Starmer and Mandelson blame the slightly Left-wing policies for Labour losses.

Listen to the Corbyn interview

Both Sir Keir Starmer and his boss Lord Mandelson, coincidently the Leader and director of the so-called People’s vote, that organisation that cynically used to remainers to undermine Jeremy Corbyn and Labour while giving the Tories a free pass on Brexit have both constantly blamed Left wing policies for Labour’s defeat.

The problem with this is that Labour’s policies are, in fact, overwhelmingly popular: significant majorities of voters support funding the NHS, raising the minimum wage, building council homes and other such social democratic policies.
There is no doubt on the doorstep some people were verbally opposed to the Labour Party and expressed their concerns at Jeremy Corbyn’s past, irrelevant of truth.

This makes it easy for Sir Keir Starmer and his propaganda machine to associate the lie with the “illusion of truth” associating it to why Labour lost the general election of 2019.

Sir Keir Starmer hopes his seeds of deceit, that whisper of a lie, will grow and becomes an “illusion of truth” It’s much the same lie as the Tory’s used when they blamed Labour for the World’s financial crisis of 2007–2008.

They repeated the lie that Labour had brought about the financial crash so many times over so many years that an audible grown could be heard every time it was mentioned on programs such as question time. Unfortunately, the method worked and even today that very lie is still repeated.

Labour have one chance before it becomes the other Tory Party. Drop Starmer now. Call a special conference, reassert its own identity, use its own socialist foundations to articulate a vision of the future. When a consensus is made on Labour’s destination chose the best person to captain the ship on its destination. The alternative is to keep choosing leaders who then recreate the party in their own image, tacking from Left to right. This does nothing but moves the party further away from its foundations and the people it was created to represent along with the fact it escalates the constant civil war between factions.

Right now we are in the midst of that civil war with the Right wing blaming Long-Corbyn and the Left understanding only real opposition and Left values and policies can beat the Tories.

The other deck chairs within Starmer’s Labour Party.

Nick Brown, a veteran of Blair and Brown governments, was ousted as Chief Whip and replaced by his deputy Sir Alan Campbell.

A spokesman for Mr Brown insisted it was on good terms, saying: “Nick thinks it’s a reasonable time for Nick to move on. He and Keir have parted on good terms, with mutual respect. He wishes Keir and the new Chief Whip every success.”

Shadow Housing Secretary Thangam Debbonaire, who was tipped for the chop, has been moved aside to become Shadow Leader of the Commons. She replaces Valerie Vaz, who had been one of the few surviving ministers from Corbyn’s shadow cabinet.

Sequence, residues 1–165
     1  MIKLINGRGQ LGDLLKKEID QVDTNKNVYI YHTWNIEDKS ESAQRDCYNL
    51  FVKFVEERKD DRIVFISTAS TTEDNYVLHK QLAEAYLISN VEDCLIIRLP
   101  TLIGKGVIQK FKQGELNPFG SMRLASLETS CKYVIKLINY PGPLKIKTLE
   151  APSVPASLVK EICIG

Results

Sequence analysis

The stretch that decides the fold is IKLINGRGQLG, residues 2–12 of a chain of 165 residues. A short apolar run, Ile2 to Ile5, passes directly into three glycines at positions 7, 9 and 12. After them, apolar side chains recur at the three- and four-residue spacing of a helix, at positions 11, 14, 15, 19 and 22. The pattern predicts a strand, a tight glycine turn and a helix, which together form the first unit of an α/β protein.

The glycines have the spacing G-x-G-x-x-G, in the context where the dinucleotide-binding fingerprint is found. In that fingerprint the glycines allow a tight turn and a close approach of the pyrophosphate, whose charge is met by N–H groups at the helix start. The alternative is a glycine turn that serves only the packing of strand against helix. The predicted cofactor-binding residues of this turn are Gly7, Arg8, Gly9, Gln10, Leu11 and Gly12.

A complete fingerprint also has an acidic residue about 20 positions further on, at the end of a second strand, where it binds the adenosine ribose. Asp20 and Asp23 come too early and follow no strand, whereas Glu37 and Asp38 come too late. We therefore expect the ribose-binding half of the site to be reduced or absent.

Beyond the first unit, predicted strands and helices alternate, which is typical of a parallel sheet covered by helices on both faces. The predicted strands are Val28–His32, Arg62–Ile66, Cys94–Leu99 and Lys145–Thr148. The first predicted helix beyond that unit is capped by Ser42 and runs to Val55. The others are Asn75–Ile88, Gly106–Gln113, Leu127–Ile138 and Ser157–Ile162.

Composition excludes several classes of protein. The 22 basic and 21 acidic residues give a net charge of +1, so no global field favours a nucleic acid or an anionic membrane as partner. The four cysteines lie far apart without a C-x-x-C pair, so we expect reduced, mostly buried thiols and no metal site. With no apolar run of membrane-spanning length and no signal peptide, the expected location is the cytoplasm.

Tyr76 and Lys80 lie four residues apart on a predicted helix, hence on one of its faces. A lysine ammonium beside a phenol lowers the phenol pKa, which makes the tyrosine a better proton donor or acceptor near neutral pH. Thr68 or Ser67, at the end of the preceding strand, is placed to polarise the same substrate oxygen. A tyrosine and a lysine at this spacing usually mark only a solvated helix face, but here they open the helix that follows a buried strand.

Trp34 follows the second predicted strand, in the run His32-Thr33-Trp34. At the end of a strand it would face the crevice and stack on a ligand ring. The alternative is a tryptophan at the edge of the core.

Lucy Powell, who served under Ed Miliband and led the inquest after Labour’s 2019 election disaster, has been promoted to the Shadow Cabinet as the new Shadow Housing Secretary.

Also promoted is Wes Streeting, a prominent critic of the former leader Jeremy Corbyn who takes a new job of Shadow Child Poverty Secretary. And Miliband-era shadow minister Shabana Mahmood takes Ms Rayner’s job of campaign co-ordinator.

Here is what Labour’s shadow cabinet looks like now – the changes are in bold:

  • Deputy Leader, Shadow First Secretary of State, Shadow Chancellor of the Duchy of Lancaster and Shadow Secretary of State for the Future of Work: Angela Rayner
  • Party Chair & Chair of Labour Policy Review: Anneliese Dodds
  • National Campaign Coordinator: Shabana Mahmood
  • Shadow Chief Whip: Alan Campbell
  • Shadow Chancellor of the Exchequer: Rachel Reeves
  • Shadow Chief Secretary to HM Treasury: Bridget Phillipson
  • Shadow Secretary of State for Foreign & Commonwealth Affairs: Lisa Nandy
  • Shadow Secretary of State for the Home Department: Nick Thomas-Symonds
  • Shadow Secretary of State for Justice: David Lammy
  • Shadow Secretary of State for Defence: John Healey
  • Shadow Secretary of State for Health and Social Care: Jonathan Ashworth
  • Shadow Secretary of State for Business, Energy and Industrial Strategy: Ed Miliband
  • Shadow Secretary of State for Work and Pensions: Jonathan Reynolds
  • Shadow Secretary of State for International Trade: Emily Thornberry
  • Shadow Secretary of State for Education: Kate Green
  • Shadow Secretary of State for Digital, Culture, Media and Sport: Jo Stevens
  • Shadow Secretary of State for Environment, Food and Rural Affairs: Luke Pollard
  • Shadow Secretary of State for Communities & Local Government: Steve Reed
  • Shadow Secretary of State for Housing: Lucy Powell
  • Shadow Secretary of State for Transport: Jim McMahon
  • Shadow Secretary of State for International Development: Preet Gill
  • Shadow Secretary of State for Wales: Nia Griffith
  • Shadow Secretary of State for Scotland: Ian Murray
  • Shadow Secretary of State for Northern Ireland: Louise Haigh
  • Shadow Secretary of State for Women and Equalities: Marsha de Cordova
  • Shadow Leader of the House of Commons: Thangam Debbonaire
  • Shadow Attorney General: Charlie Falconer
  • Shadow Secretary of State for Mental Health: Rosena Allin-Khan
  • Shadow Secretary of State for Child Poverty: Wes Streeting
  • Shadow Secretary of State for Young People and Democracy: Cat Smith
  • Shadow Secretary of State for Employment Rights & Protections: Andy McDonald
  • Shadow Leader of the House of Lords: Angela Smith
  • Opposition Chief Whip in the House: Tommy McAvoy